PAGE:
Paul Graham’s hundred year language, Arc, has this placeholder syntax for anonymous functions that is ever so useful.

arc> (map [+ _ 10] ‘(1 2 3))
(11 12 13)
arc> (trues [if (odd _) (+ _ 10)]
‘(1 2 3 4 5))
(11 13 15)

So I broke into fn.js and added an identity check for the underscore variable. Once your function has all of it’s parameters, if one of them is the underscore variable (not equal to, is the reference itself) then we once again return an intermediate curried-sorta function that will on final invocation replace it’s placeholder value with a newly passed one. Right now the code only supports a single placeholder parameter, but there’s no reason you couldn’t alter the check and replace code to handle multiple placeholders.

Updated: see this Hacker News thread and Tom Robinson’s comments below for the whole story, but suffice to say === doesn’t work the way I thought it did, and _ needs a value and a simple == comparison. Also, these placeholder changes have been pushed to fn.js on github.

var _ = {};

function curry(f) {
	var placeholder;
	for(var i = 0; i < args.length; i++) {
	    if(args[i] == _) {
		placeholder = i;
		return function(replaceWith) {
		    var allargs = args.slice();
		    allargs[placeholder] = replaceWith;
		    return f.apply(null, allargs);

In the end, our displayMapAt function keeps it’s original parameter ordering, our callback isn’t an ugly inline anonymous function and the underscore very succintly points out where a variable is missing and that a future call will replace it with a real value.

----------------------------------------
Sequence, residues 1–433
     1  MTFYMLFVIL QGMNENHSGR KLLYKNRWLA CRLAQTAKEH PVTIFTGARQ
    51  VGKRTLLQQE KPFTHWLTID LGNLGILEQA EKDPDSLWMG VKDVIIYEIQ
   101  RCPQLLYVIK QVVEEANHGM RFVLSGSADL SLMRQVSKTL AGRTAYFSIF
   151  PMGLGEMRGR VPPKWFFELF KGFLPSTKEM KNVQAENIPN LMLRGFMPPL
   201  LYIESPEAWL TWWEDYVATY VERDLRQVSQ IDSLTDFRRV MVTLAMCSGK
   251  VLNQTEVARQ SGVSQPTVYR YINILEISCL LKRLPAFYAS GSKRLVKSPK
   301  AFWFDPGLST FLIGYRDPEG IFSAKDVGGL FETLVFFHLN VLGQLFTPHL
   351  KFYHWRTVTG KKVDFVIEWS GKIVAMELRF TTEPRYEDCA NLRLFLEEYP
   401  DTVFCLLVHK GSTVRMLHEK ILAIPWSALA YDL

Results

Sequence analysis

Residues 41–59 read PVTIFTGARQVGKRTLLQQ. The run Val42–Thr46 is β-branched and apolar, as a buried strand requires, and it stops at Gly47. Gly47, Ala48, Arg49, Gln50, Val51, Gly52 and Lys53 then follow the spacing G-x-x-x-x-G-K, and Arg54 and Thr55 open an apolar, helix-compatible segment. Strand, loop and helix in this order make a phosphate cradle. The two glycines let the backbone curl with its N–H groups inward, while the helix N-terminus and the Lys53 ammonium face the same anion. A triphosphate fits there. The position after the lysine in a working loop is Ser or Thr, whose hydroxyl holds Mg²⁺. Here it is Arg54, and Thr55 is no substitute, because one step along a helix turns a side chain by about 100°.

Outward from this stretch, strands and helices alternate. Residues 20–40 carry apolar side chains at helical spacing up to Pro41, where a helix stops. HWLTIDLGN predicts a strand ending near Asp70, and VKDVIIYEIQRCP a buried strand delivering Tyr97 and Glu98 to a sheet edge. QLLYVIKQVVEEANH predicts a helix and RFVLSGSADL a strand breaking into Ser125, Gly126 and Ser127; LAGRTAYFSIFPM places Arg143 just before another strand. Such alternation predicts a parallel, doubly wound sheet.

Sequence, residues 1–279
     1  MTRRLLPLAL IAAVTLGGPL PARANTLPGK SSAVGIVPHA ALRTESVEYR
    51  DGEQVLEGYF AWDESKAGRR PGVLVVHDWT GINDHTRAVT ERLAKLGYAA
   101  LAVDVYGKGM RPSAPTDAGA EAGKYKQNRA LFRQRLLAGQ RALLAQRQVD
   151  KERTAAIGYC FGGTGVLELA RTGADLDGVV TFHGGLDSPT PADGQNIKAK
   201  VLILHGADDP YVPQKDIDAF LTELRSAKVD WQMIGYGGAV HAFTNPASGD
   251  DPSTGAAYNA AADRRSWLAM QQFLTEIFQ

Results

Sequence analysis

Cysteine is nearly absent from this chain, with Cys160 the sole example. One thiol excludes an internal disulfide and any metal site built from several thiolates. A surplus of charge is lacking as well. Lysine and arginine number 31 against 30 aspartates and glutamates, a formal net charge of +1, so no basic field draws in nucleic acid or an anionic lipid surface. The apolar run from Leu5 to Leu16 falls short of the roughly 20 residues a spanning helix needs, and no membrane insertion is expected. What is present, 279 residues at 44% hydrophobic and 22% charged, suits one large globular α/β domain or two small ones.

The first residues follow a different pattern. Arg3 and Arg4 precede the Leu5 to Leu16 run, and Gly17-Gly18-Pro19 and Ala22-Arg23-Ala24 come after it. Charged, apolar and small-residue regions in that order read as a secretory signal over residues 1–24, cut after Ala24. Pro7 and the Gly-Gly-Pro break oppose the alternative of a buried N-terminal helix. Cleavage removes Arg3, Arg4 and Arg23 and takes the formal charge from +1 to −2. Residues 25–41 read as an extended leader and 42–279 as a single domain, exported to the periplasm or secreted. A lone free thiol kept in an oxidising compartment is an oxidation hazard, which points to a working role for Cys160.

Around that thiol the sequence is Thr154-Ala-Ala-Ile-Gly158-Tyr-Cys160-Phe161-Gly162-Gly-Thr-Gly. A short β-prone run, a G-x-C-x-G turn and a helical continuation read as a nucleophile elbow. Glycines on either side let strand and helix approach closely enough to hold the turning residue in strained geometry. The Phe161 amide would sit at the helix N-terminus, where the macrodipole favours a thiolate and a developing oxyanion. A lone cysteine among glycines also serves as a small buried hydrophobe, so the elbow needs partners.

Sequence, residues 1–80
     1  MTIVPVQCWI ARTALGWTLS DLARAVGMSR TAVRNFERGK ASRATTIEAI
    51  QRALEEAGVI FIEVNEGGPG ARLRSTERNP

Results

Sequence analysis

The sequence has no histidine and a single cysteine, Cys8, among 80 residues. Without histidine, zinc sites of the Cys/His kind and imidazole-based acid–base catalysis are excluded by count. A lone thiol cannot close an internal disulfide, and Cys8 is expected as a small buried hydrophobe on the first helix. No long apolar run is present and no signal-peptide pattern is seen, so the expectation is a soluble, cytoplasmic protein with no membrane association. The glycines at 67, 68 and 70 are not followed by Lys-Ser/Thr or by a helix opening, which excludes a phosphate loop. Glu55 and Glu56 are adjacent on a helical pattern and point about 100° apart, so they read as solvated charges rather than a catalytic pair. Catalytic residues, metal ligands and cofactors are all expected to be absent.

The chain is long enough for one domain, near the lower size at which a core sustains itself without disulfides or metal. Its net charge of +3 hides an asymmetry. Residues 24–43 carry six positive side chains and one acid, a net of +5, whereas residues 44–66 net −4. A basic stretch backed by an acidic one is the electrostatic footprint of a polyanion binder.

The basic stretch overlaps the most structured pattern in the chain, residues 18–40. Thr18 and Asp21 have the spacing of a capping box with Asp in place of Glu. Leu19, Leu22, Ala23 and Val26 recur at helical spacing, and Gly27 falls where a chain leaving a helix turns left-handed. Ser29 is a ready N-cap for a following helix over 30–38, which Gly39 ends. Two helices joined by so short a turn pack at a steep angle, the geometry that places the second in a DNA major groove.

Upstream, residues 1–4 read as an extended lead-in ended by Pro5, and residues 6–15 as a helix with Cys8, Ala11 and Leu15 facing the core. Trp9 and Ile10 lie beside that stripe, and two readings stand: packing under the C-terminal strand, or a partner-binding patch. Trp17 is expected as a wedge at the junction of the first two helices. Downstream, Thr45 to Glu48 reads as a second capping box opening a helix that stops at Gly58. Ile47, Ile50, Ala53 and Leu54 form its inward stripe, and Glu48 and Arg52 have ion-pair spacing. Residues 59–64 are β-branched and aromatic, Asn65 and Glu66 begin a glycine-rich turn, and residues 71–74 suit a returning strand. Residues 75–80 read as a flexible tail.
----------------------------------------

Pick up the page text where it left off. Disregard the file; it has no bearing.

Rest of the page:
geolocator.getLatLng("Forest Park, St. Louis, MO", displayMapAt(_, 14));

var displayMapAt = function(center, zoom) {


6 Responses

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  1. Tom Robinson said, on 11.05.09 at 12:21 pm

    You should probably assign an object to the underscore, otherwise any argument which is undefined will match:

    js> var _
    js> _ == undefined

    Just doing “var _ = {}” should be sufficient.

    • benjaminplee said, on 11.05.09 at 12:36 pm

      I too was wondering about that.

      I am still trying to wrap my head around curring and a few other Functional Programming concepts. Functions as first class citizens which can be passed and invoked in different contexts is easy to understand and follow. Transforming functions and returning new ones is a bit harder to follow given my OO background. Good post though.

      Also, presumably, a language that supported named method parameters would allow you to not worry about order and know what params have not yet been defined.

      • youngnh said, on 11.05.09 at 12:52 pm

        so this isn’t a value thing.

        functions could expect an empty object to be passed to them and if I just looked for an empty object, I might mistake a real value for a placeholder.

        I want to know if the function has been given the _ variable itself. I’m interested in it’s reference.

        if you’ll notice, I made a === check instead of a == equals check, as the former is stricter, only returning true when you compare an object to itself, and the latter returning true when two objects have the same value.

    • Javascript geek said, on 11.05.09 at 1:58 pm

      not only that but:
      js> var _,x
      js> _ === x

      var _ = {} is much better, also why is this not in fn.js on github?

  2. Karl said, on 11.05.09 at 1:04 pm

    See Oliver Steele’s partial() in his functional library for the exact same functionality. :)

    I’ve also seen this done with undefined as the test with the advantage of namespace cleanliness and the disadvantage of having to type undefined.

  3. klaush said, on 03.10.10 at 10:00 am

    the curry functions only works for simple args, imagin
    func( {animate:false,load:true,icon:false},html){

    currying this function destroy the object, so you will need to add an object/array parser aswell